This publication provides an overall perspective of the key recommendations contained in the opinions adopted by the European Economic and Social Committee on maritime affairs over the last four years. EESC opinions express the views of organised civil society and, according to the Treaties, are published in the Official Journal of the EU and taken into consideration by the European Institutions involved in the legislative process (European Parliament, Council of the European Union and European Commission).
The complete text of the opinions can be consulted online in all EU languages at http://europa.eu/!ut67yC.
"Achieving sustainable growth in a competitive world is challenging. The challenge is even greater for the European Union, as the Old Continent faces a severe competitiveness deficit. Without entering into a health review, that could be delivered at a further stage, of each of the 28 Member States, the ambition of this study is to draw-up a comprehensive picture of EU economic growth.
The business sector in Europe believes it is time to redefine EU priorities, by putting competitiveness first, implementing the better regulation agenda and offering better support for innovation. To improve the environment for investments in innovation and to address issues underpinning it, an appropriate framework must be put in place.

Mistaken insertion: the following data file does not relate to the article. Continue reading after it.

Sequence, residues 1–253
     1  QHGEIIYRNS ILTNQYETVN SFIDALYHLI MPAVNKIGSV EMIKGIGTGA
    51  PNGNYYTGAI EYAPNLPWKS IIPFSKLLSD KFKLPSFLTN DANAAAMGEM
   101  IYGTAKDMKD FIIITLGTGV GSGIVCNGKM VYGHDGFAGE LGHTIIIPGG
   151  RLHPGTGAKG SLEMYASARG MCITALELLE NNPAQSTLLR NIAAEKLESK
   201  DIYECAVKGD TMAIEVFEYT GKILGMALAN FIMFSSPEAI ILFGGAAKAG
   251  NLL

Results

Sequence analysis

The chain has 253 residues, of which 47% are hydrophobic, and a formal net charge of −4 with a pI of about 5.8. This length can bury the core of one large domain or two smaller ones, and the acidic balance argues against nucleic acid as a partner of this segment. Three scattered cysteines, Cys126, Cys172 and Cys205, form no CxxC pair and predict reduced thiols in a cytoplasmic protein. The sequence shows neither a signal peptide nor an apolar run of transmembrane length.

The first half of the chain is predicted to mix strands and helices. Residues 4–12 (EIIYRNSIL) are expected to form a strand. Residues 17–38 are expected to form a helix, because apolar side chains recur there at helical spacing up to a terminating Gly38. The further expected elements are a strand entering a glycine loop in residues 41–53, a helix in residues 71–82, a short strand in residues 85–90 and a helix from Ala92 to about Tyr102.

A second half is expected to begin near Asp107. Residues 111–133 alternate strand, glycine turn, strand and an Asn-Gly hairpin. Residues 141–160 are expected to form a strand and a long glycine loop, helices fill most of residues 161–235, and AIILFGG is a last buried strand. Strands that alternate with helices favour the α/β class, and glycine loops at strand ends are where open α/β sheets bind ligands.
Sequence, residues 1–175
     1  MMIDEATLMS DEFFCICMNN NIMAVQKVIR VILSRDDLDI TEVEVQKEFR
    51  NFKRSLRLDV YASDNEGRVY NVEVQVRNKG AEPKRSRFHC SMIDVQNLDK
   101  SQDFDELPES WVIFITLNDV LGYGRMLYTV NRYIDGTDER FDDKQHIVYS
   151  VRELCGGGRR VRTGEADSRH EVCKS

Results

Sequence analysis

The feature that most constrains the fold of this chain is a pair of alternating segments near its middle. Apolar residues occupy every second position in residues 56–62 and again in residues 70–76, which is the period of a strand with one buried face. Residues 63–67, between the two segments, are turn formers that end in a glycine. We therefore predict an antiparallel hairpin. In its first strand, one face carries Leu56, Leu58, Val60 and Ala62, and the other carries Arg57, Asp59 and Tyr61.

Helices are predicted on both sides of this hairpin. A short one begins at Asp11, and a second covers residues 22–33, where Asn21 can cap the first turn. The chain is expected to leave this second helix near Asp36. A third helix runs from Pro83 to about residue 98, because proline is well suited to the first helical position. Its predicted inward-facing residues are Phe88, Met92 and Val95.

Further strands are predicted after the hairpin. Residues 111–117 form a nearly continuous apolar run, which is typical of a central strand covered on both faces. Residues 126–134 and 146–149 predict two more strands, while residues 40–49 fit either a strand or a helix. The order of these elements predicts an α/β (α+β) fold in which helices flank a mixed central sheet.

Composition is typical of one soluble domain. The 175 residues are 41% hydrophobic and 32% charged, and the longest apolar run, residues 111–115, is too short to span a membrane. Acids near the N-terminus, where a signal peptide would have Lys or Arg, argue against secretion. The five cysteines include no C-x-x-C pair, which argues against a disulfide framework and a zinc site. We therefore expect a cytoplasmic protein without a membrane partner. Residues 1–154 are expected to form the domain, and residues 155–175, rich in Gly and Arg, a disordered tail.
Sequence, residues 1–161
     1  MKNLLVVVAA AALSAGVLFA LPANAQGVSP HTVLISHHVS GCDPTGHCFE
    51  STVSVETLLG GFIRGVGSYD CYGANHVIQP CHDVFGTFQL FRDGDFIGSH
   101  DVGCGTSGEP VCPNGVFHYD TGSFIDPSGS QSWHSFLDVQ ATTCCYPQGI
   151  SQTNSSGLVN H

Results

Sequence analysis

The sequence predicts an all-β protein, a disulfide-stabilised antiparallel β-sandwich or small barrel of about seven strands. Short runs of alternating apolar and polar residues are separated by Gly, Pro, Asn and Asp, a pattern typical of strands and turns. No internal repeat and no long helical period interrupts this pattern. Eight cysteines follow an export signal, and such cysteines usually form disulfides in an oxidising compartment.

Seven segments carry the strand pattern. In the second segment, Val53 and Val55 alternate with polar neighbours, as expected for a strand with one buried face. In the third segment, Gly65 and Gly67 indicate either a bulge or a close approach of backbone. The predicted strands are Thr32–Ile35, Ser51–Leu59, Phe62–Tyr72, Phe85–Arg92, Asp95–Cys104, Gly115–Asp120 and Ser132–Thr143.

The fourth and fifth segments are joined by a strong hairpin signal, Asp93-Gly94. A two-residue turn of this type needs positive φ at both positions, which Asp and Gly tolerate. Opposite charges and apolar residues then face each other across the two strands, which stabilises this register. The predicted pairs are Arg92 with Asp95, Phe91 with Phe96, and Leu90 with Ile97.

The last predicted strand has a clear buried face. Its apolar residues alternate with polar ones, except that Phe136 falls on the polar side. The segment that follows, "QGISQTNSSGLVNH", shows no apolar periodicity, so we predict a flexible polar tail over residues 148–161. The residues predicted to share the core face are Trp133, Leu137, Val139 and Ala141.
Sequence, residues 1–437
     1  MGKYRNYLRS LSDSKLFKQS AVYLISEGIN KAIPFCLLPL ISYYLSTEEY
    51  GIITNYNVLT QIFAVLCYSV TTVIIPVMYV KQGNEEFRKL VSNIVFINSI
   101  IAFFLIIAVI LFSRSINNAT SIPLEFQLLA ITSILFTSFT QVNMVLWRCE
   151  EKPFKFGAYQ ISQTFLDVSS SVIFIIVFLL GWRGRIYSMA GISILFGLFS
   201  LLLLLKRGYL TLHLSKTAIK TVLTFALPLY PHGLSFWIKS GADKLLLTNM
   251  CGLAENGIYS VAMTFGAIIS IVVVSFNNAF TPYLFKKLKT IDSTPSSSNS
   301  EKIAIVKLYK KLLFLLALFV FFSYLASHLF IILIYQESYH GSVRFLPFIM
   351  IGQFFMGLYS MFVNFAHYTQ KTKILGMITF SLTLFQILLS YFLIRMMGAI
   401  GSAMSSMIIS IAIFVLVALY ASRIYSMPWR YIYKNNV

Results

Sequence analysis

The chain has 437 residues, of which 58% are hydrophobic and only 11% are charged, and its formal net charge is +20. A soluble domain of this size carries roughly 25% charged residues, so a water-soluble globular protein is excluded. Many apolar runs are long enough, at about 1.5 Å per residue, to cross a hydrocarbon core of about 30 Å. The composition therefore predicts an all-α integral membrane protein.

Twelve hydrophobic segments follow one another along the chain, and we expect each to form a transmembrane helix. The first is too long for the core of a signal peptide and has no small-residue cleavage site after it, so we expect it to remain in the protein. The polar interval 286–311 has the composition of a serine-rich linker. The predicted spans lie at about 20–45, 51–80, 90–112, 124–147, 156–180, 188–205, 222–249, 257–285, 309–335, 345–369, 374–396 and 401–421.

This document is a summary of the discussion on "Industrial competitiveness: how to respond to innovation challenges, " which took place in Vilnius, Lithuania, on 15 June 2015. The meeting was organised together with the Lithuanian Confederation of Industrialists.
Europe is lagging behind other global players in terms of research and development (R&D). The business sector in Europe believes that if the EU is to become more competitive globally, more focus needs to be put on innovation. Greater clarity is needed in setting priorities. The most serious problem is that despite funds being allocated to basic research, the results of the research process do not make it to the market. Research and new technologies exist, but there are obstacles preventing them from being brought to customers.
This document is a summary of the discussion on Innovation across Europe – best practices, which took place in Oeiras, Portugal, on 5 June 2015. The meeting was organised together with the Portuguese Confederation of Employers.
The social dialogue and industrial relations in Bulgaria are developing in an unfavorable environment. A trend towards decentralisation of collective bargaining and abandoning the practice of extending the branch collective agreements is observed. All these developments are gradually diminishing the collective bargaining coverage.